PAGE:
His Honour, Lt. Gov. Russ Mirasty, a member of the Lac La Ronge Indian Band (LLRIB), presented the Queen’s Platinum Jubilee Medals to 19 people in La Ronge on Sunday, Oct. 2 at a gathering at Eagle Point Resort.
Gary Tinker, who, at 22, walked, on crutches, between La Ronge and Regina in 1989 to raise awareness about the particular challenges for people living with disabilities in the north. Later that year he opened the Gary Tinker Federation for the Disabled Inc. in La Ronge, which continues to offer supports to people living with disabilities in Saskatchewan’s north.
Grand Chief Brian Hardlotte, Chief of the Prince Albert Grand Council and a member of the Lac La Ronge Indian Band (LLRIB).
Chief Tammy Cook-Searson, of the Lac La Ronge Indian Band (LLRIB); and Chief Karen Bird, of the Peter Ballantyne Cree Nation (PBCN).
Tom Roberts and Terri McIntyre-Roberts, for their support of Residential School survivors over the years.
Josephine (Josie) Searson, from Cumberland House, an Elder and Métis Senator with Métis Nation-Saskatchewan.
Jason Young, education director for Northern Lights School Division (NLSD) for education.
Scott Boyes has led the Cadet program in La Ronge for several years.
Gil Gracie, who offered much leadership and support to the Canadian Challenge Dog Sled Race, held annually in the north, over several years.
Several members of the Canadian Rangers received medals. They are: Jim Searson, James (Kelly) Gale, Jimmy Charles, Leon Charles, Murray Galambos, Marc L’Heureux, Paul Plunz and Samantha Plunz.
Mirasty spoke briefly about the Medal, created to honour Queen Elizabeth II’s 70years of service.
She became Queen at 25 on Feb. 6, 1952, following the death of her father, King George VI, and “gave her life” to service until her death, at 96, on Sept. 8, 2022.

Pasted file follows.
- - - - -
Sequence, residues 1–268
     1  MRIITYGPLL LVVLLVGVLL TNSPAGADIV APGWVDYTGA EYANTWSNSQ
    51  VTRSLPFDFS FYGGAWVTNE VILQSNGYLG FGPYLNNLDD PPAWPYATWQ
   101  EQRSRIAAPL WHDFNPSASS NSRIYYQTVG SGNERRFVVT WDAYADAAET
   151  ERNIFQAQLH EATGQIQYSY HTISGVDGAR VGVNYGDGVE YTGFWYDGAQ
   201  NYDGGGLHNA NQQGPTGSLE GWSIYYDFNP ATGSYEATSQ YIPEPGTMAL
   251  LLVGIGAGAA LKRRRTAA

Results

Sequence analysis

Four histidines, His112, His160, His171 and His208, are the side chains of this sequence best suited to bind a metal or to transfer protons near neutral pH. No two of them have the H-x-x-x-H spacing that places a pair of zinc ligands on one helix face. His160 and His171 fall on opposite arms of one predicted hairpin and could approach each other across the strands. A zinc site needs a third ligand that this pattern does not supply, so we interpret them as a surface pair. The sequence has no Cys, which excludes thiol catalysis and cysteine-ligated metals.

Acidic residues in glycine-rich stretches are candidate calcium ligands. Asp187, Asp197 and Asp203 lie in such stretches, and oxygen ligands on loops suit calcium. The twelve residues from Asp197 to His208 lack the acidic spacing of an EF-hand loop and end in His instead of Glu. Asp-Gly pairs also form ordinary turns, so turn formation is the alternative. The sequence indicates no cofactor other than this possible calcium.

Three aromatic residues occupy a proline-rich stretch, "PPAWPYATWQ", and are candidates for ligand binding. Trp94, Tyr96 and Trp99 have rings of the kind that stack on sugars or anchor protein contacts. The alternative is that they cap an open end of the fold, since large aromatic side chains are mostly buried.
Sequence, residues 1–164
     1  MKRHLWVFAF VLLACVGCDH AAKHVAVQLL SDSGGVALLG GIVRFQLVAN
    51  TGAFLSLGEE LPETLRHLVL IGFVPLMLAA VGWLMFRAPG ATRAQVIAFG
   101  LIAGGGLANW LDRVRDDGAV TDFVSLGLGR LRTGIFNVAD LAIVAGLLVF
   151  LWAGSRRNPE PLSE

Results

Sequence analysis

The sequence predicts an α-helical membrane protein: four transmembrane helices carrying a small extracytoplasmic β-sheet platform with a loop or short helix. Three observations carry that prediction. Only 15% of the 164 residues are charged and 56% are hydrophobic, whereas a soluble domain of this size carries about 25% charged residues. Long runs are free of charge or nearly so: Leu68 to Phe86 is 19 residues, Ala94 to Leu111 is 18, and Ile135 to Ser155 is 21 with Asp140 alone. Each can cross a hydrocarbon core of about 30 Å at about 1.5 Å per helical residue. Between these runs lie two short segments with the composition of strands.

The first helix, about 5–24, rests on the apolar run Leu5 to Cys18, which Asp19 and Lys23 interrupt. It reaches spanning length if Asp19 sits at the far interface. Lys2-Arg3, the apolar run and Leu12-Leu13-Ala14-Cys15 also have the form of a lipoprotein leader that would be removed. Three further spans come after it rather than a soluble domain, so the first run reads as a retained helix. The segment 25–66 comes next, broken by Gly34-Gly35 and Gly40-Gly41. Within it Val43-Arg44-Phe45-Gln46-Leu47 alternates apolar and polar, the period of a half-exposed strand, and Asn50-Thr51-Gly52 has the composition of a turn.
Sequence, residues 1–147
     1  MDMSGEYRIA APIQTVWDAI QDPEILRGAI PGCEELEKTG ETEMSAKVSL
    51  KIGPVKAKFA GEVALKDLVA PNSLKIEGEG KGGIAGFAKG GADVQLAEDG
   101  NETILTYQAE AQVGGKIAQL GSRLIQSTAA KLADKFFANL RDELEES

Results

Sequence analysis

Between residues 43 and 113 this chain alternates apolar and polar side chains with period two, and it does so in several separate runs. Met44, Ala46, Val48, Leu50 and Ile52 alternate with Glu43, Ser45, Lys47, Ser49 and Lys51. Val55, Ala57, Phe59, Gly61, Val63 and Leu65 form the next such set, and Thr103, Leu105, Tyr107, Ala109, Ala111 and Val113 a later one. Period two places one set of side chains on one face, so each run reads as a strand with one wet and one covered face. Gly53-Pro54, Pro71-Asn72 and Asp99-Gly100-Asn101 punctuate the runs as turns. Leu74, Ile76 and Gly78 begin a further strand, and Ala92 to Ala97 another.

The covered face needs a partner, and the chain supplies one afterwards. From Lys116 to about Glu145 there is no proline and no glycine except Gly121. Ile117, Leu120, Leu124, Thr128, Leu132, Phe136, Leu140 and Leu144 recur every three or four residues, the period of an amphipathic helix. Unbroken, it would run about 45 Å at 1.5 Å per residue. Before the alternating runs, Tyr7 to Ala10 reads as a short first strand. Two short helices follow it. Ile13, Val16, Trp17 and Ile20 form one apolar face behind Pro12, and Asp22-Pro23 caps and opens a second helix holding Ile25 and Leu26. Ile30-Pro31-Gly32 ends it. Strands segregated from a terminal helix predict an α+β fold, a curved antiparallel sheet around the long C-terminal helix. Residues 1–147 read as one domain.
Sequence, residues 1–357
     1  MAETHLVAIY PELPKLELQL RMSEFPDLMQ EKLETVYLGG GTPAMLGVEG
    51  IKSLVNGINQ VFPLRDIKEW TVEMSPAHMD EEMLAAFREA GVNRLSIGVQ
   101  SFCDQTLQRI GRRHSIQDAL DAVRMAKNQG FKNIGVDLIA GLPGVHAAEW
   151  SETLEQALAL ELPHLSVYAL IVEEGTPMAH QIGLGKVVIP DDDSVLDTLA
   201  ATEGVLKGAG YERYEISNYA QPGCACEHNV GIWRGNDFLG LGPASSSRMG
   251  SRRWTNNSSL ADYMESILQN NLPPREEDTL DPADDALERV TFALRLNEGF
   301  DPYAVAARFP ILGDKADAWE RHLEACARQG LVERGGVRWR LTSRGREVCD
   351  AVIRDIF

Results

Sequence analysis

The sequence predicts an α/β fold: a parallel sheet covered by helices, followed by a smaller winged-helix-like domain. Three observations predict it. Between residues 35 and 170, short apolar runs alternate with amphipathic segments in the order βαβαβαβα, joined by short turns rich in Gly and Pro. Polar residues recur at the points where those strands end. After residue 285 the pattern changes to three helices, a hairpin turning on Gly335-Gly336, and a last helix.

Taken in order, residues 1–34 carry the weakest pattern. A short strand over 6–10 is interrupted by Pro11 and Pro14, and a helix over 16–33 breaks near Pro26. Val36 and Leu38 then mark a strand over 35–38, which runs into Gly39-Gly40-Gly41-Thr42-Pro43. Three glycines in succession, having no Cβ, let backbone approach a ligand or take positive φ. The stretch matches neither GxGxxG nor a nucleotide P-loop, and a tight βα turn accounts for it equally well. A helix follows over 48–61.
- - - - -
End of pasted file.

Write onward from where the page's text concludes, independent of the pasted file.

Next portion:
He noted that Medals to honour ordinary people for their contributions to their communities have been created to mark significant occasions, such as Silver, Golden and Diamond Jubilees, since the Queen’s Coronation in 1953.
But, His Honour said, this Medal may be the most significant because of the Queen’s death on Sept. 8. He spoke of her commitment and dedication to the service of her people over 70 years.
He also noted Queen Elizabeth’s last action was to send a message of concern and condolence to the people of James Smith Cree Nation at the time of the tragedy they experienced.
The presentation ceremony ended with a reception for the honourees and their guests.
NSSA awards at CCHS
His Honour and the Honourable Donna Merasty also were at Churchill Community High School in La Ronge on Wednesday, Oct. 5 to present the Northern Saskatchewan Student Achievement awards.
The awards went to: Ava Johnson for 2019-2020; Sydnee McKay for 2020-2021; Matayah Small for 2020-2021; and Natalie Lafaver for 2021-2022.
The NSSA awards went to; Grade 7 – Ava Gardiner, Idabelle Liorente Roque and Landon Charles. Grade 8 – Leito Morin, Maggie Herel, and Jayda Hancheroff. Grade 9 – Brian MacDonald, Orisis Pelismino, Cassidy Wallace, and Tyrus Charles. Grade 10 – Geanne Roberts, Hunter Patterson, and Aster Beaudin. Grade 11 – Averill Buffalo-Brooks, Reay Mackay, and Mila Kuppenbender. Grade 12 – Isabel Groves and Keian Banach.
Mirasty spoke about the importance of education. He reflected on being a small boy growing up on Morin’s Hill, his experience as a student at CCHS, living in many different parts of Canada during his career in the RCMP and where life has taken him to the highest office in the Province of Saskatchewan.